Just as there are different scoliosis treatment approaches for patients to choose between, there are different scoliosis braces that offer different potential results. Traditional bracing is associated with a number of shortfalls, but modern corrective bracing addresses those shortfalls; continue reading to learn how.
A scoliosis brace can help achieve corrective results by pushing the spine into a corrective position, and scoliosis braces can be particularly effective on growing spines. A scoliosis brace is a common facet of treatment for adolescents with scoliosis, with different braces to choose from.
As a complex spinal condition, scoliosis requires a number of different types of treatment to impact the condition on multiple levels, so let’s address some key condition characteristics and answer some scoliosis brace questions.
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There are a number of spinal conditions that involve a loss of its healthy curves, but scoliosis has some unique and complex characteristics that set it apart.
Scoliosis involves the development of an unnatural lateral (side-to-side) curvature of the spine, and in addition to bending unnaturally to the side, a scoliotic spine also rotates, making it a 3-dimensional condition.
The rotational component of scoliosis is an important factor when choosing the type of scoliosis brace to be used in treatment, which we’ll return to later.
Diagnosing and assessing scoliosis also involve a key measurement that’s taken during X-ray; a patient’s Cobb angle is determined by drawing lines from the tops and bottoms of the curve’s most-tilted vertebrae, and the resulting angle is expressed in degrees.
When the spine’s healthy curves are in place, its vertebrae (bones) are stacked on top of one another in a straight and neutral alignment, but when some vertebrae become unnaturally tilted, this shifts the spine out of alignment.
In addition to telling me how far out of alignment a scoliotic spine is, condition severity is also determined based on a patient’s Cobb angle:
Now, a key condition characteristic that’s important when it comes to bracing is the progressive nature of scoliosis.
Depending on what type of brace is used in treatment, stopping progression can be what its design is based on, or achieving corrective results, which means achieving a curvature reduction on a structural level.
So when do you initiate bracing in scoliosis? If a patient’s Cobb angle is increasing, this means their scoliosis is progressing, and this is when a scoliosis brace is often recommended as part of treatment.
As a progressive condition, scoliosis has it in its nature to worsen over time, and this means the size of the unnatural spinal curve increases, as do that condition’s uneven forces, and their effects.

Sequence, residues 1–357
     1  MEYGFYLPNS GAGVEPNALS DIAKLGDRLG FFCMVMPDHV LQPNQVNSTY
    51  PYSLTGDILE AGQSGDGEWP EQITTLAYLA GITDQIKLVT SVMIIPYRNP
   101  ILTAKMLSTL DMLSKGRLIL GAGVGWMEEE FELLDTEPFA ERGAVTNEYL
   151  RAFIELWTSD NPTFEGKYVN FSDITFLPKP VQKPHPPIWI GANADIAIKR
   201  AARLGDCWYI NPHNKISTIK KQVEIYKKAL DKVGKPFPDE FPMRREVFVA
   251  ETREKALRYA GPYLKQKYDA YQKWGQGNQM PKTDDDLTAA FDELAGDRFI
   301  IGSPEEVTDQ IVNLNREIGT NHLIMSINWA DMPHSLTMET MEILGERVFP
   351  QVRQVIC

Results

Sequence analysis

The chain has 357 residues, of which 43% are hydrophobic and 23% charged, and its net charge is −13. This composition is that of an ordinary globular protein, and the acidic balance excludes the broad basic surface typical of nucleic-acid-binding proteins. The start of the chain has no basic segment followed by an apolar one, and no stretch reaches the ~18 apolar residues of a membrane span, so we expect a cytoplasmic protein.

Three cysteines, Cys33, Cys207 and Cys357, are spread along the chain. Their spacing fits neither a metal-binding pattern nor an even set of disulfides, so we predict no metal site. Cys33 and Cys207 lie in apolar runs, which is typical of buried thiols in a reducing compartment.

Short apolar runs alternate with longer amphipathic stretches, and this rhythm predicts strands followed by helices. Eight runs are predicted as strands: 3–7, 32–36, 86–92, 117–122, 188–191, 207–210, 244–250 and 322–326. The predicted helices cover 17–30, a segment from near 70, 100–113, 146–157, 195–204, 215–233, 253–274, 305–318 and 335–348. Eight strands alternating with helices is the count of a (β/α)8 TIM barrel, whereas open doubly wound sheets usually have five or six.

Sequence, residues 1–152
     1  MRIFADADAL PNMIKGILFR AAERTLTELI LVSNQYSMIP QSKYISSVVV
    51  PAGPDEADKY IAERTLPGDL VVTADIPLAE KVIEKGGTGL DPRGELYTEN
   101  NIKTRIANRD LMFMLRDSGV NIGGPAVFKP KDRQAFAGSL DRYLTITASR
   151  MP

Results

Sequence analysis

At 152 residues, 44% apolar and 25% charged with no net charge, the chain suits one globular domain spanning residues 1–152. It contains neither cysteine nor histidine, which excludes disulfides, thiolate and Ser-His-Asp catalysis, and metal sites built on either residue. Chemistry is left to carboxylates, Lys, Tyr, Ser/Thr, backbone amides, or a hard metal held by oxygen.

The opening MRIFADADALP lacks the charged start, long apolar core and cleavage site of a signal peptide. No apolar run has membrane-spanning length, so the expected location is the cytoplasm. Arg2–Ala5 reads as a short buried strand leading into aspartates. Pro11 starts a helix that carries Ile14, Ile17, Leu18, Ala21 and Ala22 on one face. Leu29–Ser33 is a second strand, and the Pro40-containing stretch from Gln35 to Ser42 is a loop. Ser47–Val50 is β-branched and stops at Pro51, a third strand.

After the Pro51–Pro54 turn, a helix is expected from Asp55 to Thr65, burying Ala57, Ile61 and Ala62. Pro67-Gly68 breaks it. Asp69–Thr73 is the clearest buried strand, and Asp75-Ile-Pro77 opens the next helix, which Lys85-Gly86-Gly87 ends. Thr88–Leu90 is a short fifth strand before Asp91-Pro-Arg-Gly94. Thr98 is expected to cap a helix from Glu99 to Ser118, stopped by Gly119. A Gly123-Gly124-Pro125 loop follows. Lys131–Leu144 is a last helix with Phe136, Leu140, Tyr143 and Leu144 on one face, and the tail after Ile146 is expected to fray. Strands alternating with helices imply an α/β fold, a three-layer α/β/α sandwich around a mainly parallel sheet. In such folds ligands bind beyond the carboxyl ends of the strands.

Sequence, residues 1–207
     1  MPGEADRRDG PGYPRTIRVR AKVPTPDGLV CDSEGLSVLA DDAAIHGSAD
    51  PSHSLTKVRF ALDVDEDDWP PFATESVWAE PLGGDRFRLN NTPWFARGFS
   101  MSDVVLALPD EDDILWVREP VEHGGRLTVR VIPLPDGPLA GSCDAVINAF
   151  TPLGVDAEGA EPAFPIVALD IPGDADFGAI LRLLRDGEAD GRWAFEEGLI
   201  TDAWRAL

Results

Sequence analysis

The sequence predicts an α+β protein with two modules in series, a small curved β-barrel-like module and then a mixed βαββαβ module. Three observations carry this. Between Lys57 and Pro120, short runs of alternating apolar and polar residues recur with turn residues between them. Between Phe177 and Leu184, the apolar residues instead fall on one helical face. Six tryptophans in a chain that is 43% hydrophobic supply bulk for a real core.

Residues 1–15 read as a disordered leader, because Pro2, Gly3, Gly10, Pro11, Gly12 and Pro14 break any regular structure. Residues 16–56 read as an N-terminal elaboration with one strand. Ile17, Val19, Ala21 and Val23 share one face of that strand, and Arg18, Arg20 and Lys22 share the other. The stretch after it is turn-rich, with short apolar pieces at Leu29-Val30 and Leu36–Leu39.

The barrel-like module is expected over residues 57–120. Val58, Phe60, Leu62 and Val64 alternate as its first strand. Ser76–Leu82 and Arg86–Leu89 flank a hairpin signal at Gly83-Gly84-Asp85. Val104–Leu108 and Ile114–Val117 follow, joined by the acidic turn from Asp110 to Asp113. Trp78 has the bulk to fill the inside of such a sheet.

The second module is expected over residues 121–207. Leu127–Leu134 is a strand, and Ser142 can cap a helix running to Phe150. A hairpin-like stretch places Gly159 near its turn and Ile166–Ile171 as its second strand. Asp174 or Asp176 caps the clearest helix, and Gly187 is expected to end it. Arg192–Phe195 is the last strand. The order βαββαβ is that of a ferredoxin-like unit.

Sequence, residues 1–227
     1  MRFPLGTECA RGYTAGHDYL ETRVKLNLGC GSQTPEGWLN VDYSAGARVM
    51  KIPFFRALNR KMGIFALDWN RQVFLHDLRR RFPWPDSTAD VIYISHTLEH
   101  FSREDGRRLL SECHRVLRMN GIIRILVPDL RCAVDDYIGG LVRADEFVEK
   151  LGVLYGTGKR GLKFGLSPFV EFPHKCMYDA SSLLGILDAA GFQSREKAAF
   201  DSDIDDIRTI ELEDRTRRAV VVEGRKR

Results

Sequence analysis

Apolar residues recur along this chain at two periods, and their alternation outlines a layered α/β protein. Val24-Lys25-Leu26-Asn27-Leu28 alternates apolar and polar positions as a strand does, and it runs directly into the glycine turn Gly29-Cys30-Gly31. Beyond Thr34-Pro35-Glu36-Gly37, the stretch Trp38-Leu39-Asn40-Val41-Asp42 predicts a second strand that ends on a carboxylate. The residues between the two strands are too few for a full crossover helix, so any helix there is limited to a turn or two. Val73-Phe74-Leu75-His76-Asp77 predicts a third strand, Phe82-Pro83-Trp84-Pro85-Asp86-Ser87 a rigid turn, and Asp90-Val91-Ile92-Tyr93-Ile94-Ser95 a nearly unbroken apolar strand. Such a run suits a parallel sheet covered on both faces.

As progression occurs, the spine gets increasingly rigid, and this makes it less responsive to treatment and can make it difficult for patients to perform certain therapeutic exercises and stretches that are a facet of treatment.
The fact that scoliosis gets more complex to treat the further along its progressive line a condition gets is why being proactive with treatment is so important.
And what causes scoliosis to get worse? Growth and development is the main trigger for progression, so when you think of patient age, this is an important factor.
Now, let’s talk about condition type, as this is also an important variable affecting when a brace is needed for scoliosis.
In addition to the wide-ranging severity levels of scoliosis, and its progressive nature making it complex to treat, there are also different types of scoliosis a person can develop, and this is determined based on causation.
The most common type of scoliosis to affect both adults and children is classified as idiopathic: not clearly associated with a single-known cause.
Approximately 80 percent of known diagnosed cases are classified as idiopathic, while the remaining 20 percent are associated with known causes: neuromuscular scoliosis, degenerative scoliosis, and congenital scoliosis.
The most prevalent form of scoliosis overall is adolescent idiopathic scoliosis, diagnosed between the ages of 10 and 18, and this age group is at risk for rapid-phase progression because of the rapid and unpredictable growth spurts associated with puberty.
So as adolescents are facing the constant trigger of growth, monitoring for progression is an important aspect of treatment, as is working towards a curvature reduction and holding those results throughout growth.